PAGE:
employee retentionThis week I read a post on, The Real Reasons your Employees are Leaving You. Author Maren Hogan references a recent infographic by Paycom that discusses the issue of “pull” versus “push” for why employees leave and reports on their survey results. A “push” is when an employee leaves for reasons related to their current job and company as opposed to being “pulled” by an outside offer that tantalizes. Paycom says that 94% of employees report voluntarily leaving for a push reason rather than a pull.

As Ms. Hogan points out, this is a big number that deserves consideration. This means that 94% of employees are not tempted by better offers from other companies but rather by dissatisfaction with their current company. I think that may be a surprise to many. I think the perception is often that it’s hard to compete with an outside offer and once, as Hogan says, an employee hears that “siren’s song” they’re gone, but the truth is more complex than that and suggests that an employer’s behavior and policies are a bigger factor. Paycom reports that the top four “push” reasons were:

  1. Lack of trust in senior leadership
  2. Insufficient pay
  3. Unhealthy / undesirable culture
  4. Lack of concern for development

This also means that employers have more influence in retaining employees than they may realize. As a business owner, or someone in a management position, you can do things that can directly counteract these four areas of potential dissatisfaction.

Let’s tackle the salary concern first. This is an area of constant tension between employers and employees and one of the most important factors is that both sides should be realistic. You can’t pay everyone top dollar but it certainly behooves you to identify your key people or mission critical positions and ensure that you understand the current marketplace for that talent and are in line with salary ranges or you will lose people. You don’t want to wait until someone already has an offer and then have to match or more likely better it. Being informed and proactive in ensuring that salaries (and benefits too) are competitive can save you money in the long run. The cost of finding and training new employees is significant.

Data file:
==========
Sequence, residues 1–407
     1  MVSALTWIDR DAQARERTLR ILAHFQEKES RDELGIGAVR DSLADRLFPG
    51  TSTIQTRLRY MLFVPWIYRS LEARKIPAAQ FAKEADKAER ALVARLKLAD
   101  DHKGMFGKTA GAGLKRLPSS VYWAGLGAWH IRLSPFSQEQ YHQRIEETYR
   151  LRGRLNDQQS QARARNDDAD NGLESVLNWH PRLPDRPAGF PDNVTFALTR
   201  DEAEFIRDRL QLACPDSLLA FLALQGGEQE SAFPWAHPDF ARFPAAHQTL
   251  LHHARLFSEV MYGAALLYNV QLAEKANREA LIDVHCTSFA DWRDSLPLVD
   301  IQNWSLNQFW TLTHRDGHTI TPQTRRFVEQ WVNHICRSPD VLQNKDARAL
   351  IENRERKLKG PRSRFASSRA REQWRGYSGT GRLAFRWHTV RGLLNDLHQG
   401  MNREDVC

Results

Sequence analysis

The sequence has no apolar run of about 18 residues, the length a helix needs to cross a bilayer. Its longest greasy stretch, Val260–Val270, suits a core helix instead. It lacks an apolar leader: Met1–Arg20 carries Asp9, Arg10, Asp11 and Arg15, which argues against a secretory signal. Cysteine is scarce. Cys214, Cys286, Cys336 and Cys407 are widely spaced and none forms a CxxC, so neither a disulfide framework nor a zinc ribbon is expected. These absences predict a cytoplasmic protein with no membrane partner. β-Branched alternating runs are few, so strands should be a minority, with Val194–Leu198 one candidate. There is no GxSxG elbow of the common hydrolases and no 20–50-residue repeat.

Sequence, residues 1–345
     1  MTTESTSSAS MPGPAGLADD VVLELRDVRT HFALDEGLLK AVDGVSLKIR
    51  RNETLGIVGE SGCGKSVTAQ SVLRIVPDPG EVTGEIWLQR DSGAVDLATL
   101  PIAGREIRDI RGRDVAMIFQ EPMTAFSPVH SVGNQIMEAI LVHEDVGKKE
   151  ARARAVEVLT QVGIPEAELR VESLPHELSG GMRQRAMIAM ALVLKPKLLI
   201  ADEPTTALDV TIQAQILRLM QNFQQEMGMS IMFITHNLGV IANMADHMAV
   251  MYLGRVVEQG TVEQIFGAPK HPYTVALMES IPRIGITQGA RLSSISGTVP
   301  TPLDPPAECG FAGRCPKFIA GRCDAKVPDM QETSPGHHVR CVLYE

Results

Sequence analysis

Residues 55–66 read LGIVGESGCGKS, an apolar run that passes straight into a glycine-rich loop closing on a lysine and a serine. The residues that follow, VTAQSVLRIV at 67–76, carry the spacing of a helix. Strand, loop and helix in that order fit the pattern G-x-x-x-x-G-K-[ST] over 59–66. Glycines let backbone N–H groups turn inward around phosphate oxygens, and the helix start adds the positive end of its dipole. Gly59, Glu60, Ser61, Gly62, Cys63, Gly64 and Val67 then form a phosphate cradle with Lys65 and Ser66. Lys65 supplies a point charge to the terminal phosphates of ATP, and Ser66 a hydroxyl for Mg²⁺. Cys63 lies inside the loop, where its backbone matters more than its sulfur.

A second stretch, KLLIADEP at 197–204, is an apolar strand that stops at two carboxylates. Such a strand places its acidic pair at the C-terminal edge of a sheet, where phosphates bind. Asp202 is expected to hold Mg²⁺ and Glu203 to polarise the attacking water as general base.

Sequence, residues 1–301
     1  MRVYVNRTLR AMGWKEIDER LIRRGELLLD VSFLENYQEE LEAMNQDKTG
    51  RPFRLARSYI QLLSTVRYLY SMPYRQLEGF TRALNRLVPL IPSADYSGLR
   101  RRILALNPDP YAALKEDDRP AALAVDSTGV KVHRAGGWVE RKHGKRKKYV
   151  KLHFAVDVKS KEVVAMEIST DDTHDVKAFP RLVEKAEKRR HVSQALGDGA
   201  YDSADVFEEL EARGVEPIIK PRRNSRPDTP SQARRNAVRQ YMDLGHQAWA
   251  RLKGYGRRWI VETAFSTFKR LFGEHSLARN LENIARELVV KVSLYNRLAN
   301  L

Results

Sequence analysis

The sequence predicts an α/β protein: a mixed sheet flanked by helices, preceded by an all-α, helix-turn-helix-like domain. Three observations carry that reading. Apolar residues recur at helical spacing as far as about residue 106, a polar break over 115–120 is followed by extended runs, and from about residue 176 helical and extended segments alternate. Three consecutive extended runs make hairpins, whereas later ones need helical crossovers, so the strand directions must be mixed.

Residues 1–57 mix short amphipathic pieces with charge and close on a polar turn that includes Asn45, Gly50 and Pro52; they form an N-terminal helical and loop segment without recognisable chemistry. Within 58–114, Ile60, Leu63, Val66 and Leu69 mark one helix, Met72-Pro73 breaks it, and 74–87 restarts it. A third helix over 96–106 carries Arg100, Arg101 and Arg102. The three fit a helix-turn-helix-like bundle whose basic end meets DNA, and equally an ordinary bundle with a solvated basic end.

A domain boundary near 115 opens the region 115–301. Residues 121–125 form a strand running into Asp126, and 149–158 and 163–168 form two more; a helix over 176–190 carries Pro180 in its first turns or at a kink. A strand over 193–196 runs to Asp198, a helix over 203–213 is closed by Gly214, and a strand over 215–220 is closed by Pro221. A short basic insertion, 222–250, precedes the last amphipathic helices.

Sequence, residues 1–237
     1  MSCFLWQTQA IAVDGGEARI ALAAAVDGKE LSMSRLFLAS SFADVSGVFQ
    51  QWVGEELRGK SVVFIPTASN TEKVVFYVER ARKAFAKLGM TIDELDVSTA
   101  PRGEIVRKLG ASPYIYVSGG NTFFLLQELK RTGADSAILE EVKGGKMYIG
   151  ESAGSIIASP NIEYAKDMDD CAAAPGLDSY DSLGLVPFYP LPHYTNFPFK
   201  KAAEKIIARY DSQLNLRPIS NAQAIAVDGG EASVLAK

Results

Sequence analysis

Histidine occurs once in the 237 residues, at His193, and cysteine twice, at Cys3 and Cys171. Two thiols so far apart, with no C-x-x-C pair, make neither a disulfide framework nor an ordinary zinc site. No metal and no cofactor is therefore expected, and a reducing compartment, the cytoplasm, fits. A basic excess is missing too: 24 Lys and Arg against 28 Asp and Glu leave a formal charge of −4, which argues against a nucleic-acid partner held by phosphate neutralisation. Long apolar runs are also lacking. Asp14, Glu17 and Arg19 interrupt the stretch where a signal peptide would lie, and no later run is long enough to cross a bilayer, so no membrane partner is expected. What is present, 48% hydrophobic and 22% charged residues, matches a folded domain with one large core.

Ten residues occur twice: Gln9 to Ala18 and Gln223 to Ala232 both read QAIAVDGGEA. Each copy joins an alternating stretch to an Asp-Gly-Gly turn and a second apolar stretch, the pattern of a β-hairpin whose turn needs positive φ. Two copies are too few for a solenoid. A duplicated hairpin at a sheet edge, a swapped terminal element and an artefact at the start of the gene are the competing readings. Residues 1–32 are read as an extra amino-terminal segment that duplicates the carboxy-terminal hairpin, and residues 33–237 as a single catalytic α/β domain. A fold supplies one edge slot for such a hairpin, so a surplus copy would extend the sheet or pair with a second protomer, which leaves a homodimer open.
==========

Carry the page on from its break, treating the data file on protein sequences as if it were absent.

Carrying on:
Fortunately you can make headway in the other three areas without necessarily incurring significant costs. Lack of trust in senior leadership is often a communication issue. How does your company communicate its values, mission statement, and goals for the year? Do you engage in regular communication? Do you survey your employees and provide opportunities for upward feedback and suggestions for improvements? How open and transparent you are about the company’s plans for the future and how effectively you inspire and make your whole team feel included can make a big difference in employee satisfaction.

If you communicate well and listen to what your staff has to say, you’ll likely know if you have a problem with your company’s culture. Once you are aware there is a problem, fix it. If you have a broken department or a toxic manager, you simply must address the problem and change the situation or you will lose, and probably more than just an employee or two. An unhealthy work environment also affects productivity, customer service, and ultimately your bottom line.

Finally, employees consistently mention career development as a top concern and, again, you can do a lot of good by listening to what your employees are looking for and finding ways to provide. Most people want the opportunity to challenge themselves, to stretch their skills and learn something new. Obviously an employee has to start by performing the job they’ve been hired to do but giving people the chance to try new things or work on an interesting project is one of the ways to help them develop and grow and in the long run, that’s a good thing for the company overall. Whether you provide training opportunities, tuition reimbursement, or are just understanding when an employee needs to leave on time for class, supporting efforts to improve is another way that you can demonstrate concern for your employee’s development.

None of this may be news to you but it is certainly a good reminder that we have more control than we may think over employee retention. It’s not possible to eliminate it but there are many things that you can do to help reduce it, especially among your key top performers. Make sure you aren’t helping to push them out.

Jerry Brenholz
President and CEO
ATR International

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